The City of Los Angeles is suing one of the largest banks in the country. The lawsuit, filed Monday, alleges that U.S. Bank has illegally evicted low-income tenants and has allowed hundreds of foreclosed properties in Los Angeles neighborhoods to deteriorate into slum-like conditions.
City Attorney Carmen Trutanich said he recently visited a foreclosed home U.S. Bank owned in a South Central neighborhood.
“There was trash strewn all over the property, front yard, backyard," Trutanich described. "The grass varied from six inches to two feet tall. Looking at the property, you knew it was vacant."
Trutanich said properties like that can depress the value of neighboring houses — and, in the long run, can lower the city’s tax revenues.
In response, U.S. Bank issued a statement that says loan servicers are responsible for the upkeep of foreclosed homes.
“It’s their property," he said. "You can’t counteract away your responsibilities. Ownership of property carries burdens and benefits. The benefits are you own it, you get to get the increase in value, the burdens are you’ve got to keep it up.”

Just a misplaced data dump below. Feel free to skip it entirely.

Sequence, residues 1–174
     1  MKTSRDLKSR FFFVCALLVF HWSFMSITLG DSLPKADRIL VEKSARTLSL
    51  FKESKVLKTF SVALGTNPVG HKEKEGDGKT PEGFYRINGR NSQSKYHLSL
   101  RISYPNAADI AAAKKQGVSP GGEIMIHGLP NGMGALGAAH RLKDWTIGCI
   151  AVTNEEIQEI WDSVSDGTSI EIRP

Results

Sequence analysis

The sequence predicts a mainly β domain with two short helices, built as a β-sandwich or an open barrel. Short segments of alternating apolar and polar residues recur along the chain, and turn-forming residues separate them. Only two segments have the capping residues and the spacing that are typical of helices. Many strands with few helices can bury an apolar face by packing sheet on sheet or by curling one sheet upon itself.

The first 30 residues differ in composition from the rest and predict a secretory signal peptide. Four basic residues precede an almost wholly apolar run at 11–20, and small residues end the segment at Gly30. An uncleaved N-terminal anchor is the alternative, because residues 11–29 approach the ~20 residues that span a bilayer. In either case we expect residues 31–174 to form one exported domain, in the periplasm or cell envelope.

The City of Los Angeles' lawsuit could cost U.S. Bank hundreds of millions of dollars. It follows a similar suit the city filed last year against Deutsche Bank that’s still in litigation.
Trutanich said he hopes both lawsuits signal to banks across the country that they can’t hold neighborhoods hostage with what he calls “slumlord behavior.”
The City of Los Angeles has established a "bank blight" hotline and email account for people to report bank-owned foreclosed properties that need improvement. Those concerned can either call (213) 978-7141 or email email@example.com.